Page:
Gelman puts Sunbeam up for sale
By PAUL JUDGE
NEWS BUSINESS REPORTER
Gelman Sciences Inc. wants to sell its SunBeam unit, reversing itself after spending many years and millions of dollars on the experimental process for quickly making cloth-like sheets of microporous membrane.
The Ann Arbor filter manufacturer sent a confidential mailing this fall alerting potential buyers the unit is up for sale, according to a recent issue of Membrane & Separation Technology News, a trade journal.
A spokesman for Gelman Sciences has confirmed that the company is trying to sell the Sunbeam unit.
Robert Buker, the spokesman, said the decision to divest Sunbeam is a money-saving move, based on the large development costs anticipated to make Sunbeam commercially viable. Another reason, he said, is Gelman’s unfamiliarity with the markets at which Sunbeam products would be aimed, primarily the textile market.
“Taking Sunbeam to market requires tremendous investment,” Buker said. Although he did not specify the projected amount required to commercialize Sunbeam, he said it was “too much money” for the company.
Sunbeam is a process for manufacturing a cloth-like membrane similar to the fabric Gore Tex, which is lightweight, water repellant and breathable. Gelman executives had envisioned that the product could be used for a variety of applications, ranging from specialized clothing to industrial filters.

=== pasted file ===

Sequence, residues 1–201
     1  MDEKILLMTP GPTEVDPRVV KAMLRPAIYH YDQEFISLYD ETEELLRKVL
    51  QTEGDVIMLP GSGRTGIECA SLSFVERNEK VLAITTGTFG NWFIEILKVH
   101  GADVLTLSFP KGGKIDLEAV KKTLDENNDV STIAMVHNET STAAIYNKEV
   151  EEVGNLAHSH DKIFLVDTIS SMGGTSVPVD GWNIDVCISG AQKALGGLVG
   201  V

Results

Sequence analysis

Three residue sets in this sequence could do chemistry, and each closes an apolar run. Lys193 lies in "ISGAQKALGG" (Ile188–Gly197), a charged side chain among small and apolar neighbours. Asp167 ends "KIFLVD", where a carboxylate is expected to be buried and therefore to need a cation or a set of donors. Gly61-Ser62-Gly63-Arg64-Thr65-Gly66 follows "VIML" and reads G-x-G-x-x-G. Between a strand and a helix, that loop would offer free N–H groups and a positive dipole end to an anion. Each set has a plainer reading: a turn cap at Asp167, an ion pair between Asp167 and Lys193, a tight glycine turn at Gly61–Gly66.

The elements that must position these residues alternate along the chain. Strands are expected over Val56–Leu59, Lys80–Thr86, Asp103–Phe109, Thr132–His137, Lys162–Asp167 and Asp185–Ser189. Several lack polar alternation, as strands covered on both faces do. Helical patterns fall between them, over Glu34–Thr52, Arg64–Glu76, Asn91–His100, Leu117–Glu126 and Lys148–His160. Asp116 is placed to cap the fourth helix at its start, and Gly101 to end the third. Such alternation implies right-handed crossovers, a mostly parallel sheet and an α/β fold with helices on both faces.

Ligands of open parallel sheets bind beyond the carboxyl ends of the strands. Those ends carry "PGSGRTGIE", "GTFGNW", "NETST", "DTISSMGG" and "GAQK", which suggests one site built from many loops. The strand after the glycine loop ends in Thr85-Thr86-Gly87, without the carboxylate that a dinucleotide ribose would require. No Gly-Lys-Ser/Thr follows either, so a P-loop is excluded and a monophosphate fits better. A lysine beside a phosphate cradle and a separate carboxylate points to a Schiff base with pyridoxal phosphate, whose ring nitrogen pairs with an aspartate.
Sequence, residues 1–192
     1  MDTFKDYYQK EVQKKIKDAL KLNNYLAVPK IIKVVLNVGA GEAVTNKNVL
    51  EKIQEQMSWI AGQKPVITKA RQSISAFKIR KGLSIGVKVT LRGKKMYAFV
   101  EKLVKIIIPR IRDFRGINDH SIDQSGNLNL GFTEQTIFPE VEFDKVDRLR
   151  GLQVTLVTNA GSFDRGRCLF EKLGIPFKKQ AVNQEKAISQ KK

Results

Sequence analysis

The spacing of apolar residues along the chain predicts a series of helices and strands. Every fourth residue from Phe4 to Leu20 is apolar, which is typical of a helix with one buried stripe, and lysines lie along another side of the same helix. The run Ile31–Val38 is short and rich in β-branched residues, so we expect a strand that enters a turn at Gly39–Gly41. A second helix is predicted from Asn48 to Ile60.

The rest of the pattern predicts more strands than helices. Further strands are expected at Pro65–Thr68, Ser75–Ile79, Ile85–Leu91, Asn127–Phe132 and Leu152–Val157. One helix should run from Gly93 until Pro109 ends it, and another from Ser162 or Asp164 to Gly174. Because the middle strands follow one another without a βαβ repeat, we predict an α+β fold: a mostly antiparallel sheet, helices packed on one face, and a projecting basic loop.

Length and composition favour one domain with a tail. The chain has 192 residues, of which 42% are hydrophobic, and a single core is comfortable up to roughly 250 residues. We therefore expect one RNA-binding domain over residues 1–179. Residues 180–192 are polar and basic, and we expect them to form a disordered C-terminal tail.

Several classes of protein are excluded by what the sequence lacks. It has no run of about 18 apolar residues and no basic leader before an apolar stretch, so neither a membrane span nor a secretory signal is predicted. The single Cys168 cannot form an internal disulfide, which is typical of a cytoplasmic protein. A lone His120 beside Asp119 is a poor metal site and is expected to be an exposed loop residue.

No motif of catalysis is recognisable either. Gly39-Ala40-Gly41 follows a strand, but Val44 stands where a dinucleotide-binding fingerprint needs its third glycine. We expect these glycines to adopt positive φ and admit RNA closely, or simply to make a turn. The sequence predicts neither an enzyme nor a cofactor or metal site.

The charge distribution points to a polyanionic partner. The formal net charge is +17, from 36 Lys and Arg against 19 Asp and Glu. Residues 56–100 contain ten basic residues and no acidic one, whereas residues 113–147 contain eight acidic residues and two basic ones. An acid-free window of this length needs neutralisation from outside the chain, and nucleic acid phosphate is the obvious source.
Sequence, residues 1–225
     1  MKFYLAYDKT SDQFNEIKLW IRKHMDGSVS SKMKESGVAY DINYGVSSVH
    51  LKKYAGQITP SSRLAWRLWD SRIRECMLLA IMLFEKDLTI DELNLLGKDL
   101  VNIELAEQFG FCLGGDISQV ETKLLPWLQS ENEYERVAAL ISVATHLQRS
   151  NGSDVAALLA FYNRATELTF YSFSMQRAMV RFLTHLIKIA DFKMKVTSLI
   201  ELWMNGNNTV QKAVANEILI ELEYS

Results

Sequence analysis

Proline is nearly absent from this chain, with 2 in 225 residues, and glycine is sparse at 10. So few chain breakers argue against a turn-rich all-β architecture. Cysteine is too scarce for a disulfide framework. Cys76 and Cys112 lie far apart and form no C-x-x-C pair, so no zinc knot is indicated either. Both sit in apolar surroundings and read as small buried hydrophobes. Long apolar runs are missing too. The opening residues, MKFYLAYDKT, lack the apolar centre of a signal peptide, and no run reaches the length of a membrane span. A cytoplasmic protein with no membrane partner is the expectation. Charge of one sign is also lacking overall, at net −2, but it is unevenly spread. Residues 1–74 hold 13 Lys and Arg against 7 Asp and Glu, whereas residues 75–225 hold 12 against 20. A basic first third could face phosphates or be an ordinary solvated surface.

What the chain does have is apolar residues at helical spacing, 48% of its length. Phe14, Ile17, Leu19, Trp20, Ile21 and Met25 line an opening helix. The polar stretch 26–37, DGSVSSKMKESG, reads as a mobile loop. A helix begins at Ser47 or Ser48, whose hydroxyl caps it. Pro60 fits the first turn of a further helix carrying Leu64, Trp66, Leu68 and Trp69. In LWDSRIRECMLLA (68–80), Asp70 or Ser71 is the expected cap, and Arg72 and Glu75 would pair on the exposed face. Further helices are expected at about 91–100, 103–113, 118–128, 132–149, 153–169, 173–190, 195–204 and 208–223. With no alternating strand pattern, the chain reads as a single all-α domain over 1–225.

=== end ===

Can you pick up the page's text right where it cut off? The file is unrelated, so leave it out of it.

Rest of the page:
If the company succeeds in finding a buyer for the unit, it will close a chapter in its history that opened with promises of a revolution in membrane manufacturing.
Sunbeam became a pet project of company founder, chairman and major stockholder Charles Gelman, who poured millions into the experiment. Under Gelman’s direction, the firm established a prototype manufacturing operation in Israel, where Gelman has been active as an investor.
In recent years, Gelman has promoted Sunbeam as a breakthrough process that would generate big profits and put the company back in the running with the largest membrane manufacturers in the country.
But analysts and company insiders grew skeptical that Sunbeam would yield the commercial success envisioned by Gelman.
Richard Teller of Josephthal & Co., a New York-based securities firm, said he expects the Sunbeam program will fetch less than the $7 million that Gelman Sciences has invested in the process over the past seven years.
The research and development costs for Sunbeam last year were as large as the company’s annual profit, Teller said.
The proposed sale would have little or no effect on employment at Gelman Sciences’ Ann Arbor headquarters, which employs about 500. The firm acquiring Sunbeam would get a membrane testing and development lab in Israel; a staff of scientists, engineers, marketing and manufacturing personnel; and one research contract to develop air filters for industrial applications, according to the company’s confidential letter.
Buker would not say whether Gelman Sciences has received any bids for Sunbeam.